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I'm surprised the thread has come this far without a mention of Max Brooks, author of "World War Z" and "The Zombie Survival Guide". The first of those books is particularly relevant, telling (in faux-documentary style) how useless the modern military is against zombies and how eventually some useful tactics evolved. Basically, zombies could survive anything that didn't destroy the head, so all those explosives in our current arsenal were pretty useless, since shrapnel and concussion just slowed down the zombies a bit. The re-tooled army won with 18th-century firing line tactics, and lots of cheap rifles instead of high tech precision gadgetry.

Any chance Max Brooks was really hired as a Pentagon consultant?

World War Z is a damn good book, by the way.
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  #15  
Old 06-21-2009, 03:14 PM
MOIDALIZE MOIDALIZE is offline
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The US military is also powerless against Godzilla.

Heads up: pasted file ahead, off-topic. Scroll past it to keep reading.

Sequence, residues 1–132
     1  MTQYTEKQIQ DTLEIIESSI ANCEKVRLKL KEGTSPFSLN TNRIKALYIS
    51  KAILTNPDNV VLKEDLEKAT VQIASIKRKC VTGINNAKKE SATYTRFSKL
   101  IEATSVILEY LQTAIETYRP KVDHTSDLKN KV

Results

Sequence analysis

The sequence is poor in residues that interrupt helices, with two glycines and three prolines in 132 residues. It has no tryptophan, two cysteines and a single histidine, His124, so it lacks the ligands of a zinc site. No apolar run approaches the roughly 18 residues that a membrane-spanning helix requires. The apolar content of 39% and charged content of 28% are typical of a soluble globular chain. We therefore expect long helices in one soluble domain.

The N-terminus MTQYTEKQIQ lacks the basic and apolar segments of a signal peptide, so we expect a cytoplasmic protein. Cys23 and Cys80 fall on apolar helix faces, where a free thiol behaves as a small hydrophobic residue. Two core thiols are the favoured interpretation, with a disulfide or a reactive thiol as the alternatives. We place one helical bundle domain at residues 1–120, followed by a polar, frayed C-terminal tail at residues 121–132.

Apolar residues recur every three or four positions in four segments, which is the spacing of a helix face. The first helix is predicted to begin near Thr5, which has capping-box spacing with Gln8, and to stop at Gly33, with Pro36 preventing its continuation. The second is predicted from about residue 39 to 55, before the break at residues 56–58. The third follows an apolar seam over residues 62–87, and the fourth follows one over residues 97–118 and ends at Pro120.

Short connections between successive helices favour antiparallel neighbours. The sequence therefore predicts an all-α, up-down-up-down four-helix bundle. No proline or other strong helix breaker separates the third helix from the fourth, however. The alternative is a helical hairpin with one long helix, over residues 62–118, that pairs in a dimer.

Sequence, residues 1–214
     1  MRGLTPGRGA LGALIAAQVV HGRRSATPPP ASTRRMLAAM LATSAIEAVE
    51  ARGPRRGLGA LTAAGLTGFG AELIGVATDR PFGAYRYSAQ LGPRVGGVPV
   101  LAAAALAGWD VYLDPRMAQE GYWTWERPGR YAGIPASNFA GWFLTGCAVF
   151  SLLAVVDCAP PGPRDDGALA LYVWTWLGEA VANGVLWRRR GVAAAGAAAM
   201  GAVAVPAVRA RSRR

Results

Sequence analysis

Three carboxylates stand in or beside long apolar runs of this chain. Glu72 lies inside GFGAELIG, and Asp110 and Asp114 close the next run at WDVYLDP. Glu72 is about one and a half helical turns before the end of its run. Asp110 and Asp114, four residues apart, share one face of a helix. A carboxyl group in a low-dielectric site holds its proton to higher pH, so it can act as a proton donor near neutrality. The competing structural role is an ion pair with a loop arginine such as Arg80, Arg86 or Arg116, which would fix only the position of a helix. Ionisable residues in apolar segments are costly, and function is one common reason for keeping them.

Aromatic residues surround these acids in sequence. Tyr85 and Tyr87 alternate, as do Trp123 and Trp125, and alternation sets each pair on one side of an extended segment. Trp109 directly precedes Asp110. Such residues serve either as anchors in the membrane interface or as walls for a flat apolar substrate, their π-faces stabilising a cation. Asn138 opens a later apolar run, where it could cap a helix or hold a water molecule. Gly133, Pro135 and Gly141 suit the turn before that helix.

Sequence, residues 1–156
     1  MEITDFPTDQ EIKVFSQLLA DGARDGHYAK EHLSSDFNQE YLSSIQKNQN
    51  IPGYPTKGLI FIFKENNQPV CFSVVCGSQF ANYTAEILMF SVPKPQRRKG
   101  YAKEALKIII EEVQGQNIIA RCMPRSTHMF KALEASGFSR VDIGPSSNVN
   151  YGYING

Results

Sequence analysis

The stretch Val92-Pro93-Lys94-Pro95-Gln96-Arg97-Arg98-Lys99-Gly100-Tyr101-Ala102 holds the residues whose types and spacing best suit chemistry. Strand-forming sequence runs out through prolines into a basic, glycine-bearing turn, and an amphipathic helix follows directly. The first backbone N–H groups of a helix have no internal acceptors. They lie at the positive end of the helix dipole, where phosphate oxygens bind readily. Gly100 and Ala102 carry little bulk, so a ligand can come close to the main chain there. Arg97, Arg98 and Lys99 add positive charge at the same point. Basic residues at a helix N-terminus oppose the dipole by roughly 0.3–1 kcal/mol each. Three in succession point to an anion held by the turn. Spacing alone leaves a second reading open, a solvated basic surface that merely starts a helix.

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Old 06-21-2009, 03:21 PM
alphaboi867 alphaboi867 is offline
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Originally Posted by Captain Carrot View Post
The DoD may well have made some sort of plan for dealing with an infectious pandemic which makes its victims aggressive and functional, and that seems like a decent approximation of a zombie attack to me.
Agreed (though iI think it would be more Homeland Security & the CDC's province). The hardest part would be actually convincing the general public that grandma isn't sick or deranged, she's dead and she needs a bullet to her brain, not medical treatment. There's a very good book called Zombie CSU: The Forensics of the Living Dead by Jonathan Maberry.
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  #17  
Old 06-21-2009, 03:44 PM
Elendil's Heir Elendil's Heir is offline
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Originally Posted by davekhps View Post